Most of the five million people in Finland have their own sauna which plays a central role in their lives — especially for men. All you have to do is take off all your clothes, take a seat in the sweat house, and rid the body of the toxins that take away your energy and vitality.

Finnish men are known to have a hard time expressing their feelings and many of them struggle with the unrealistic ideal of a strong, independent, and solitary hero who never cries.

This riveting documentary by Joonas Berghall and Mika Hotakainen takes us inside a series of saunas in Finland where men gather to bare their bodies and their souls with one another. A young man ecstatically celebrates the wonder and the awe he experienced at the birth of his first child but the majority of men have been ravaged and savaged by life. They want to share their stories.

Among the walking wounded are a weeping husband who has gone through terrible custody battles, an engineer who can't forget a railway accident, a recovering alcoholic, two homeless men, an angry adult who recalls being regularly beaten as a boy, and several men who have lost close loved ones.

The filmmakers provide some needed moments of comic relief with scenes of saunas in used trailers, a phone booth, and underground mines. There is also a funny scene with a fellow whose closest companion is a bear.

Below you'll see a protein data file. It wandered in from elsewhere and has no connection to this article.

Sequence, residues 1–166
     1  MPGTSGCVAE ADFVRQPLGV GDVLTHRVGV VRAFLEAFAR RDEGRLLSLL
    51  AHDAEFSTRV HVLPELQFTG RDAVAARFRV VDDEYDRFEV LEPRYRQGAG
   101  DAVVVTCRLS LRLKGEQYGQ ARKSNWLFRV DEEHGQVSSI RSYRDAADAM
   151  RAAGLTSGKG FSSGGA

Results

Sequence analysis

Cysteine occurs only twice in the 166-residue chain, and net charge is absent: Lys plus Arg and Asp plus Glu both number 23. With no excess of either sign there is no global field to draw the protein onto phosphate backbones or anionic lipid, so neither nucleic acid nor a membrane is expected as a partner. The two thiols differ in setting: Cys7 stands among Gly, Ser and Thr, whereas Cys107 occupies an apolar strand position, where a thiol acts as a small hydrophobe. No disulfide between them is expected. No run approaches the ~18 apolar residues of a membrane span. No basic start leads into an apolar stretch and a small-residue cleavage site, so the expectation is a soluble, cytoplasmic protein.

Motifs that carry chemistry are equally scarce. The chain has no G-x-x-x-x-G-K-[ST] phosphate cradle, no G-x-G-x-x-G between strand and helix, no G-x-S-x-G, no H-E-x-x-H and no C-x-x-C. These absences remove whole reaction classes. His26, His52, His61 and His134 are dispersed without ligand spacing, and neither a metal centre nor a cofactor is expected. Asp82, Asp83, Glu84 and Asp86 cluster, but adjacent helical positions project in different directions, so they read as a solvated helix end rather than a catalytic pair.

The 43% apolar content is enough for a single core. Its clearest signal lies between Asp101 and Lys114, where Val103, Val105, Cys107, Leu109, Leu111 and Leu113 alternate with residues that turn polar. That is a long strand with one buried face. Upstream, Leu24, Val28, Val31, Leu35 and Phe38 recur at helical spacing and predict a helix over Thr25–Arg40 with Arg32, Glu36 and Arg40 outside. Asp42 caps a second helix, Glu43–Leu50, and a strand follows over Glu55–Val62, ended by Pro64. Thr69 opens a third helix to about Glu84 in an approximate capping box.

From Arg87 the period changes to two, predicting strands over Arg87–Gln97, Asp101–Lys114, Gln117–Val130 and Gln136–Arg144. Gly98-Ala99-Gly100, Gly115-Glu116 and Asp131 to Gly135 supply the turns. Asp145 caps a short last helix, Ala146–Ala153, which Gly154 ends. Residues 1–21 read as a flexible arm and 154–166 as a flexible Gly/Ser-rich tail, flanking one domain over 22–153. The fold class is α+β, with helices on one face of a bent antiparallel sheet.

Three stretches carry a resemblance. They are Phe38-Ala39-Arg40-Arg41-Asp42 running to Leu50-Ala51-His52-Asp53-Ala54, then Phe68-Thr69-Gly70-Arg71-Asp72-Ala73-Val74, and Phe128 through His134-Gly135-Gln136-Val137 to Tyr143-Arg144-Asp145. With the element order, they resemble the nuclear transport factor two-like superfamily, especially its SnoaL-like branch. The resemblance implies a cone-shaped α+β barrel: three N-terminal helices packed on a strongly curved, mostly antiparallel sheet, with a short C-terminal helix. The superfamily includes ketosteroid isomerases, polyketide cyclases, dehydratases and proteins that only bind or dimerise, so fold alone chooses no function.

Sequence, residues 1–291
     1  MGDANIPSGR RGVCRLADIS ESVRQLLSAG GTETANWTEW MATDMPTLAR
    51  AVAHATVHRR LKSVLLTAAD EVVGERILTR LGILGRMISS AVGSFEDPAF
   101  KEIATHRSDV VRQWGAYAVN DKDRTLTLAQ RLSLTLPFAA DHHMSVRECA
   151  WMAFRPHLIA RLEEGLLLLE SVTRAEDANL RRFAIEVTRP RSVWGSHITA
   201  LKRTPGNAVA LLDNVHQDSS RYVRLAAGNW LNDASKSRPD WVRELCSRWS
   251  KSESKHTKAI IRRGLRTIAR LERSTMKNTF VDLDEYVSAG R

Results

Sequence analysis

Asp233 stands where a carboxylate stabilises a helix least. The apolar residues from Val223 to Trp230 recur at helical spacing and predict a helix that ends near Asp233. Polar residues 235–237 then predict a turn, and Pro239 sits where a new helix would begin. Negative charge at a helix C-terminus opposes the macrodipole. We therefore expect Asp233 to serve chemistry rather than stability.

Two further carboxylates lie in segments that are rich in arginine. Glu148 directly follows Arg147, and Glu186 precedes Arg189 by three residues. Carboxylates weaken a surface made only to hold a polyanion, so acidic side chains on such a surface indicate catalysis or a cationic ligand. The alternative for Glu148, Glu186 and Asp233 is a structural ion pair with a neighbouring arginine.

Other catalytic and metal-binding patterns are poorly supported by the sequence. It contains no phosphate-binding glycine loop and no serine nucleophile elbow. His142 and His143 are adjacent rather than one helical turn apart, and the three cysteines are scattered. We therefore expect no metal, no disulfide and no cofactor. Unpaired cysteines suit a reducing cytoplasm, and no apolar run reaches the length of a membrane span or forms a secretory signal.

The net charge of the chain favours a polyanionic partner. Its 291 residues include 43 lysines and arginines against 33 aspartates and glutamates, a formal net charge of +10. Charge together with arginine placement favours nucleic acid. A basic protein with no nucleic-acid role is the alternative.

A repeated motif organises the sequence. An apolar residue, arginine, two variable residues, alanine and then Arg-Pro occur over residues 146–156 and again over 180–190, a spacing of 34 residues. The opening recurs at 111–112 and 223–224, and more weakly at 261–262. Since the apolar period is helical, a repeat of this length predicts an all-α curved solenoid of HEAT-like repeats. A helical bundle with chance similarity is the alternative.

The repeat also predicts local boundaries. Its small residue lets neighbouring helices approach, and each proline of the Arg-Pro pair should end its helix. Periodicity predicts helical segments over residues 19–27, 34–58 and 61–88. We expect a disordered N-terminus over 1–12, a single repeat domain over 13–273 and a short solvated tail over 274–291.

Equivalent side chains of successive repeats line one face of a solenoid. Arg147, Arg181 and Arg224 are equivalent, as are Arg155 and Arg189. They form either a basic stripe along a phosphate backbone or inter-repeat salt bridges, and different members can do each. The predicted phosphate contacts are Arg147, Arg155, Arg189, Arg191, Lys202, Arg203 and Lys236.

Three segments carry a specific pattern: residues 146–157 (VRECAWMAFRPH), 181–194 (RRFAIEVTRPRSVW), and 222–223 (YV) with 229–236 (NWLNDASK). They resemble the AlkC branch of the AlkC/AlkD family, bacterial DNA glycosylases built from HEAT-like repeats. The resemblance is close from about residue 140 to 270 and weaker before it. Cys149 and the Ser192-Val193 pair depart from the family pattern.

Although the use of saunas by Finnish men does not have the deep and rich sacred meanings of the Native American sweatlodge, it does have some similarities to those places and rituals. People need a safe place where they can unload their pain, suffering, disappointments, and fears with others. The fortunate ones discover that growth and healing take place when the truth is told and experiences are shared. In Finland, as elsewhere, the spiritual practices of listening and being truly open to others are the best antidotes to the widespread sadness and loneliness of so many people.